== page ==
The El Nino media frenzy has planted dreams of a white winter in the minds of many young Americans. The fantasy runs along the lines of a Mountain Dew commercial: colorful snowboards, baggy clothes, radical turns and big airs off the half-pipe.
But there is another snowboarding population--one that doesn't necessarily pierce or tattoo as much, one that isn't always into skateboard tricks in the snow or late-night malt liquor sessions: baby boomers.
Boomers are boarding because many of them believe it's easier on the legs than skiing, and because their children are learning the sport. (It was often boomers, by the way, who opposed sharing hills with the kids when snowboarding first hit the slopes more than a decade ago.)
This fresh market has a publication of its own, Snowboard Life, put out bimonthly by the publishers of several other board sports magazines, Transworld Media of Oceanside. Snowboard Life's focus is on "freeriding"--a genre of snowboarding that involves cruising down mountains and perhaps executing a jump here and there. The magazine also covers pure "carving"--extreme downhill snowboarding that involves high speed and rail-to-rail "S" turns, as well as back-country snowboarding and helicopter-assisted snowboarding, which involves virgin snow and steep terrain. What it doesn't often cover tells the most about both the magazine and its market: freestyle riding--the stuff of soda commercials and ESPN2.
The magazine has also paid much attention to the crossover surfing population, and the January issue features an insightful piece by Hawaiian surfing legend Gerry Lopez, who is also an avid snowboarder, on the similarities between the sports. His surprising verdict is that helicopter-assisted snowboarding--taking a whirly ride up to unridden terrain--is 10 times as challenging as surfing the world's biggest waves. Wiping out "in the surf just gets you wet," Lopez writes. "A bad wipeout on the mountain could be your last."
Speaking of hot markets, the publishers of Motor Trend plan to tap America's appetite for sport-utility vehicles with a new bimonthly out this month, titled Truck Trend. Initial circulation will be 200,000. Cover price is $3.50. The premier issue feels like Motor Trend, only it features "spy" sketches of yet-to-be-announced truck models rather than Porsches.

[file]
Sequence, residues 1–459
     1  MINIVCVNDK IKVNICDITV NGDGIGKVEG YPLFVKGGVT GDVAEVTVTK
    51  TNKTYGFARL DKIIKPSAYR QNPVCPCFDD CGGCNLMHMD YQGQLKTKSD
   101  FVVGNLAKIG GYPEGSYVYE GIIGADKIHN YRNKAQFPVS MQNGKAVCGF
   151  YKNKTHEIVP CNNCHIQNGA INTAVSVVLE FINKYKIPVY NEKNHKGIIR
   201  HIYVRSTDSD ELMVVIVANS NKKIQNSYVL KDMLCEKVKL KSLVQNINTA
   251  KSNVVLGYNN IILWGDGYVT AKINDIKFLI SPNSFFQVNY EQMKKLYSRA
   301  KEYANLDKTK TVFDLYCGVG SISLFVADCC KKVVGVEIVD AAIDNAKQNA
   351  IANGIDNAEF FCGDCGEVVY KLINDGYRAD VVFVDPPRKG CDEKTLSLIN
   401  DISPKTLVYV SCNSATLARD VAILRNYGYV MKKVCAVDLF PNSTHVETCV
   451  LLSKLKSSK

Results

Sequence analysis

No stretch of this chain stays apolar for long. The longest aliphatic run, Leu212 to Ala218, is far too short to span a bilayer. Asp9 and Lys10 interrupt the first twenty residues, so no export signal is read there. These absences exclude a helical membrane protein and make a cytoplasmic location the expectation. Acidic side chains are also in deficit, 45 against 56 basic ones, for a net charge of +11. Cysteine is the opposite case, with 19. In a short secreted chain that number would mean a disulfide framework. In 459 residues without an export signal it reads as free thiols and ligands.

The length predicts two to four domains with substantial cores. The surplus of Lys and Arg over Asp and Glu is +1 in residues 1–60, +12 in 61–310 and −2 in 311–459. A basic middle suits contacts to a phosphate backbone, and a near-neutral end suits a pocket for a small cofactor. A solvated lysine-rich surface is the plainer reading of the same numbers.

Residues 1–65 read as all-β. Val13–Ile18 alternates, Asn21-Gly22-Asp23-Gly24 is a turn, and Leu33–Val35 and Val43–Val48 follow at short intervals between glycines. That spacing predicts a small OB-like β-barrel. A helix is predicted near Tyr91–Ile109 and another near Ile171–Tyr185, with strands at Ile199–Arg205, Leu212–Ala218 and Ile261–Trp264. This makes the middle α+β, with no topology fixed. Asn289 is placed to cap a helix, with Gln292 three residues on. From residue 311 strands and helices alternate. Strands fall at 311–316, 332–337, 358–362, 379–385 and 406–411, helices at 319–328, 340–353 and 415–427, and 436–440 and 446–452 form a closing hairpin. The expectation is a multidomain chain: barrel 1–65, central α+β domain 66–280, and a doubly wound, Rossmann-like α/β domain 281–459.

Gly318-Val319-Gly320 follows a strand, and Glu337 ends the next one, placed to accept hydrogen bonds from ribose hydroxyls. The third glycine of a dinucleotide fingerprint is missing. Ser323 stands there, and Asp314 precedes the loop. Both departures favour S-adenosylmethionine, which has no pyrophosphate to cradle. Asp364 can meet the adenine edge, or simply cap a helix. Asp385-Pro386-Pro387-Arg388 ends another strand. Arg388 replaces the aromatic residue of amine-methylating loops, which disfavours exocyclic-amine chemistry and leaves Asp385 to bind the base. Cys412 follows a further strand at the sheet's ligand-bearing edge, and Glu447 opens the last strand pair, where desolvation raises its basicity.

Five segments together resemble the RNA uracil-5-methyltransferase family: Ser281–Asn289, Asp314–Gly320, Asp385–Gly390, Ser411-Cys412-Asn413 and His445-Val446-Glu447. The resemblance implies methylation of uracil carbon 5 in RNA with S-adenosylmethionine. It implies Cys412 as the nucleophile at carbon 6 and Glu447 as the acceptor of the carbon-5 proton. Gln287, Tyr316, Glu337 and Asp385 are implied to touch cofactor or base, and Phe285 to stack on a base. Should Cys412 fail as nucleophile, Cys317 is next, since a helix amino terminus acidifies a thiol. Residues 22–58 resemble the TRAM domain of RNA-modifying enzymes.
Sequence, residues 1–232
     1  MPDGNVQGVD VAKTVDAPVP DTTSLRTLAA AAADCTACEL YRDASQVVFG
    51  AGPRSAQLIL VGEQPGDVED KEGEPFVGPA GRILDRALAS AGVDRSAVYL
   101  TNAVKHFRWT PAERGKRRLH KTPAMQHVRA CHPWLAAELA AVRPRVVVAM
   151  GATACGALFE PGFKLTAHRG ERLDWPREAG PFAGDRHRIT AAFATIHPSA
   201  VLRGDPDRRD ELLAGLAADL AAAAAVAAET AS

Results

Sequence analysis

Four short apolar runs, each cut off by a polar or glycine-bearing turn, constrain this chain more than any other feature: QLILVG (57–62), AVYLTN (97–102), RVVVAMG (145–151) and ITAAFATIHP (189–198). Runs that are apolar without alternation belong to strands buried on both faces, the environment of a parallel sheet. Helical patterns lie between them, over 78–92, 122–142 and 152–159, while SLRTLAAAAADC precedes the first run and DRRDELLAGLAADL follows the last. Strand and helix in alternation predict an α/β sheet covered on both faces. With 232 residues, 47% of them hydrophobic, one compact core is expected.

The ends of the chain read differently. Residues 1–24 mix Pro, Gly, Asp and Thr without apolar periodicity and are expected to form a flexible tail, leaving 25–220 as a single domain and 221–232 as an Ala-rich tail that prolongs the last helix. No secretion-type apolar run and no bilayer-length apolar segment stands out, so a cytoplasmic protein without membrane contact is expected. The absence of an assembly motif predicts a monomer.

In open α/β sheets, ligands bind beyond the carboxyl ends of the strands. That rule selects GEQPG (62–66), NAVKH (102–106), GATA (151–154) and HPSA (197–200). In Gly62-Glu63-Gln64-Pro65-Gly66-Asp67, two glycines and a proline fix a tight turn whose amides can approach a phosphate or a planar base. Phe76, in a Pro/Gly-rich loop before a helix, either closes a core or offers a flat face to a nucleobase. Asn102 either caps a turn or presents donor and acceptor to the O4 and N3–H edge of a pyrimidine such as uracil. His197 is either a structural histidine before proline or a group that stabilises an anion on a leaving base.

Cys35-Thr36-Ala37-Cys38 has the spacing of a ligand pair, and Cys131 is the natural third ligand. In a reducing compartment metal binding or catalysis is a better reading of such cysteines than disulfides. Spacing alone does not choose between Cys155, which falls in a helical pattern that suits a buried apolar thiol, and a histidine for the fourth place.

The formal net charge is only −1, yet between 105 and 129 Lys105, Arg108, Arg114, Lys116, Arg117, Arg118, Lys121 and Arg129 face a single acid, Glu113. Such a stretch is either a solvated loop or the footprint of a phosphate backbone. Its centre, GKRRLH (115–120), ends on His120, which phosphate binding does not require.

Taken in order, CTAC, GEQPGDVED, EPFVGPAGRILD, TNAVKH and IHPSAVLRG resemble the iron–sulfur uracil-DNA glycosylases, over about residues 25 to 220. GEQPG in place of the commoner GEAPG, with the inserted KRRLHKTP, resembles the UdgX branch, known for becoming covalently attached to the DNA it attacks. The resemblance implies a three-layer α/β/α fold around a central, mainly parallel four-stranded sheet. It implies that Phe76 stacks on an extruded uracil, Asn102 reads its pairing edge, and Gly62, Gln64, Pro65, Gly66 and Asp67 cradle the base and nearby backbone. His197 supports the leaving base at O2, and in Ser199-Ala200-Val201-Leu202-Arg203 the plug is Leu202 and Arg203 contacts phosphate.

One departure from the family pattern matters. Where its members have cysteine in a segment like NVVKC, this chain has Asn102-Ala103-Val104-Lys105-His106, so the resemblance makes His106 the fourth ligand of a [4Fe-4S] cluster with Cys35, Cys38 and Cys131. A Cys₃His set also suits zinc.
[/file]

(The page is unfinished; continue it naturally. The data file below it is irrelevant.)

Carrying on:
The Surfer's Journal is the thinking surfer's guide to the sport. And if that sounds like an oxymoron, think again. The quarterly, entering its fifth year under the direction of founding publishers Steve and Debbee Pezman, veterans of the surf mag game, gives ample attention to storytelling and articulate journalism. Each issue features an in-depth history of some facet of the sport (the current issue, Volume 6, Number 4, features "The Wallace Froiseth Story" by Malcolm Gault Williams, about the pioneering Hawaiian surfer of the '30s and '40s). Each issue also features a top-notch photo essay. The journal, based in San Clemente, is now printed in an Australian edition. Number 4 lifts an essay from the Australian premiere issue that asks, "Did pro surfing blow its shot at the truly big time, or has cool triumphed over greed?"
Rolling Stone's annual music awards issue is out. Readers' picks for best albums of the year are: 1) "Be Here Now" by Oasis, 2) "OK Computer" by Radiohead and 3) "The Fat of the Land" by Prodigy. The critics' poll top albums were: 1) "Time Out of Mind" by Bob Dylan, 2) "OK Computer" and 3) "Brighten the Corners" by Pavement. The critics' top singles included: 1) "Bitter Sweet Symphony" by the Verve (now featured in a Nike commercial), 2) "MMMBop" by Hanson and 3) "Block Rockin' Beats" by the Chemical Brothers. The electronic pop revolution resonated, with Prodigy, the Chemical Brothers and DJ Shadow ranking in both polls in such categories as best electronic artist and best DJ.
The February issue of Details is dedicated to sex--just in time for Valentine's season. Former sex columnist Anka is back with a piece about making passes in the City of Angels--and it's not pretty. If there's any truth to her report, L.A. men are straight-up dogs. The issue also features a poll on flirting in the workplace that has 60% of men and women noticing that others flirt on the job and 45% seeing co-workers getting preferential treatment after flirting with bosses. Only one-third admitted, however, that they flirt at work.
Party Time magazine, based in the Westlake district of central L.A., is celebrating its one-year anniversary. It is one of a handful of publications dedicated to Southern California's party crew scene. Crews are groups of young, mostly Latino, mostly male party people who compete to throw the most lavish celebrations (which are more like a nightclub experience). Crews have risen in the '90s as an alternative to gangs, and magazines like Party Time give crews recognition by covering their parties and awarding titles such as "crew of the month." The latest issue of Party Time, which is edited by Jose A. Guerra, also warns club-goers about date rape drugs.
* Next week: Book reviews by Times readers.